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2 Britain And Its Colonies
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22 Gilded-age Politics And Agrarian Revolt
23 An American Empire
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25 America And The Great War
26 The Modern Temper
27 Republican Resurgence And Decline
28 New Deal America
29 From Isolation To Global War
30 The Second World War
31 The Fair Deal And Containment
32 Through The Picture Window: Society And Culture, 19451960
33 Conflict And Deadlock: The Eisenhower Years
34 New Frontiers: Politics And Social Change In The 1960s
35 Rebellion And Reaction In The 1960s And 1970s
36 A Conservative Insurgency
37 Triumph And Tragedy: America At The Turn Of The Century

Share Our Wealth (1935), Huey Long

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Huey Long cemented his control as governor of Louisiana by using state power and state funds to improve social services, to build roads, bridges, and schools, and to reform tax codes. In 1932 he was elected to the U.S. Senate. Initially he supported Roosevelt's New Deal measures, but by 1935 he had broken with the president and launched his own "Share Our Wealth" movement as an alternative to the New Deal. He developed quite a grassroots following across the country before being assassinated in 1935.

. . . Here is what we stand for in a nutshell:

1. We propose that every family in America shall at least own a homestead equal in value to not less than one-third the average family wealth. The average family wealth of America, at normal values, is approximately $16,000. So our first proposition means that every family shall have a home and the comforts of a home up to a value of not less than $5,000.

2. We propose that no family shall own more than 300 times the average family wealth, which means that no family shall possess more than a wealth of $5,000,000. And we think that is too much. The two propositions together mean that no family shall own less than one-third of the average family wealth, nor shall any family own more than 300 times the average family wealth. That is to say that none should be so poor as to have less than one-third of the average, and none should be so rich as to have more than 300 times the average.

3. We next propose that every family shall have an income equal to at least one-third of the average family income in America. If all were allowed to work, according to our statistics, there would be an average family income of from $5,000 to $10,000 per year. So, therefore, in addition to the home which every family would own and the comforts of life which every family would enjoy, every family would make not less than $2,000 to $3,000 per year upon which to live and educate their children.

4. We propose that no family shall have an income of more than 300 times the average family income. Less the income taxes, this would mean an annual income of $1,000,000 would be the maximum allowed any one family in 1 year. The third and fourth propositions simply mean that no family should earn less than one-third the average, and no family should earn more than 300 times the average; none to make too much, none to make too little. Everyone to have the things required for life; every man a king.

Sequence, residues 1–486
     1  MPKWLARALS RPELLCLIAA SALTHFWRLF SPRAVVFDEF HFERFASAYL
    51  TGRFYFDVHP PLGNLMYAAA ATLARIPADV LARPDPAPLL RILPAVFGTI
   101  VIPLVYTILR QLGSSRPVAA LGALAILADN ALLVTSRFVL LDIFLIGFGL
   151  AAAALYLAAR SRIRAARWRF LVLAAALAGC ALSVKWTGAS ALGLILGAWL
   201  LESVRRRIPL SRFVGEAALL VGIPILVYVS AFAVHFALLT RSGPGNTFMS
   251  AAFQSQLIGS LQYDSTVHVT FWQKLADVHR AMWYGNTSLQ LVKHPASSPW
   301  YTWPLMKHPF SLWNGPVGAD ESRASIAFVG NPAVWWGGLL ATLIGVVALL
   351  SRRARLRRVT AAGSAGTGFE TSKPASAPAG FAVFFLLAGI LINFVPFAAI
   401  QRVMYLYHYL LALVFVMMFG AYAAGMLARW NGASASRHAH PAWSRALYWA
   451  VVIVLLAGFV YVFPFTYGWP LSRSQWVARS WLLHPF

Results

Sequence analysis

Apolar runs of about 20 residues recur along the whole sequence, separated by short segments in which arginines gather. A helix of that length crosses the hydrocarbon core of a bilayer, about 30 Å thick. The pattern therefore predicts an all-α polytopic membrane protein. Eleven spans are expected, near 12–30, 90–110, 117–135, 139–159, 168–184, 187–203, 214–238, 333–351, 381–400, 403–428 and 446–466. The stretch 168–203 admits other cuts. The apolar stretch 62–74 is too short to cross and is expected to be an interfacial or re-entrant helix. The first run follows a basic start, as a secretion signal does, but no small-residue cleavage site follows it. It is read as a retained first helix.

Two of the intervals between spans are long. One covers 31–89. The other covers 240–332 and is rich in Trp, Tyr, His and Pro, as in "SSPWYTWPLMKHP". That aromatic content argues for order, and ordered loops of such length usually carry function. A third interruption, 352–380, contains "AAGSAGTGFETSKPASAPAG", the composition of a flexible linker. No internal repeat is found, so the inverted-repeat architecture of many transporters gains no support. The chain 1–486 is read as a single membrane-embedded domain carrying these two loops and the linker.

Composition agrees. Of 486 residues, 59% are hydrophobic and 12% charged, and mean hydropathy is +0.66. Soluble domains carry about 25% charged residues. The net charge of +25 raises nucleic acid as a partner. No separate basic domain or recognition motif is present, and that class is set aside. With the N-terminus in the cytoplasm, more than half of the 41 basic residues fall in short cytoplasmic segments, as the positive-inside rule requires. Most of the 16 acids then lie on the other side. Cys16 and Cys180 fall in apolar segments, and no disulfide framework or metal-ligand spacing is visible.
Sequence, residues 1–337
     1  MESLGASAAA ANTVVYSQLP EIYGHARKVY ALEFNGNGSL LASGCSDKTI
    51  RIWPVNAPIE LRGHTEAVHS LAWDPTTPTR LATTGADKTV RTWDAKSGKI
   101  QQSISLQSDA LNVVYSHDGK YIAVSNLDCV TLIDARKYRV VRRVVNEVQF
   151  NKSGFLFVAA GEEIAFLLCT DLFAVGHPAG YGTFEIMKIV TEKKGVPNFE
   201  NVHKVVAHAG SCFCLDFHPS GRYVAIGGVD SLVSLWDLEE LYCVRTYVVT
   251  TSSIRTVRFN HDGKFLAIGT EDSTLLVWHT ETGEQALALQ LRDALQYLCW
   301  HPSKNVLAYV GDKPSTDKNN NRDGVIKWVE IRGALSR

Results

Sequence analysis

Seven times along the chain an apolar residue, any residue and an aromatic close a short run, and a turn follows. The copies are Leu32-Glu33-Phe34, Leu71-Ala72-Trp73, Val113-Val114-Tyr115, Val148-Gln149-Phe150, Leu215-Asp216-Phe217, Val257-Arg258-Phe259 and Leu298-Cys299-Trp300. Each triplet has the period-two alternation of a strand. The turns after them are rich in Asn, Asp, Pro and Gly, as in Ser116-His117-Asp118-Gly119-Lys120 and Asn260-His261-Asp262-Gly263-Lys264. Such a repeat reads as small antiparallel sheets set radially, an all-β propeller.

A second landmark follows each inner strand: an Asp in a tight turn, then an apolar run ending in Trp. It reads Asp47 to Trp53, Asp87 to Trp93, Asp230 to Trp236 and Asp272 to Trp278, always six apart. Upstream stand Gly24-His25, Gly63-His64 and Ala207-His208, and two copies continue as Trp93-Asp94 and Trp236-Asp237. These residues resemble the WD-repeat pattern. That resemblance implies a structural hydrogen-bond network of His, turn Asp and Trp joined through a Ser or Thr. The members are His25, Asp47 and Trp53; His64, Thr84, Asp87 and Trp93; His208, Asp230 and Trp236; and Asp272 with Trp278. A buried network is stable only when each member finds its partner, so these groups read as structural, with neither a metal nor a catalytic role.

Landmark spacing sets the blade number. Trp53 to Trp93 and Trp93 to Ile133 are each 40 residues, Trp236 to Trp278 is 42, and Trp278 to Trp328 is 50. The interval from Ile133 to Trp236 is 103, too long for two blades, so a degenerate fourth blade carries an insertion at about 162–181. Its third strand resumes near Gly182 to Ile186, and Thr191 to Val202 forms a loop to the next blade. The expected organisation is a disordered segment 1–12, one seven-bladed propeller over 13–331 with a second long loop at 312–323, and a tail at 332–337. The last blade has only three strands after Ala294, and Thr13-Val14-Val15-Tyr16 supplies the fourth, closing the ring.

5. We propose a pension to the old people. Under our proposal taxes would not be levied upon the sons and daughters, nor the working people to support their aged fathers and mothers. But on the contrary, such support as would be given for old-age pensions would be borne solely by the surplus money which the Government would rake off the big fortunes and big inheritances.

6. We propose to care for the veterans of our wars, including the immediate cash payment of the soldiers' bonus, and last, but not least, we propose that every child in America have a right to education and training, not only through grammar and high school, but also through colleges and universities. And this education and training would be of such extent as will equip each child to battle on fair terms in the work which it is compelled to perform throughout life. We would not have it that a child could go to college or university provided his parents had the money on which to send him, but it would be the right of every child under our plan to the costs, including living expenses of college and university training, which could be done by our country at a cost considerably less than is required for the military training which has been given our youth in the past. . . .

Let no one tell you that it is difficult to redistribute the wealth of this land; it matters not how rich or great one may be, when he dies his wealth must be redistributed anyway. The law of God shows how it has been throughout time. Nothing is more sensible or better understood than the redistribution of property. The laws of God command it. It is required of all nations that live. . . .

So let us be about our work. It is simple. Why lie ye here idle? There is enough for all. Let there be peace in the land. Let our children be happy. . . .

How wonderful, how great, how fruitful to all this great land of ours can be. We only have to eliminate useless greed, provide that none shall be too big and none too small. Beautiful America can rise to the opportunity before it. It means to us all:

Every man a king.

[From Congressional Record, 74th Cong., 1st sess., 7 May 1935, pp. 7049-50.]

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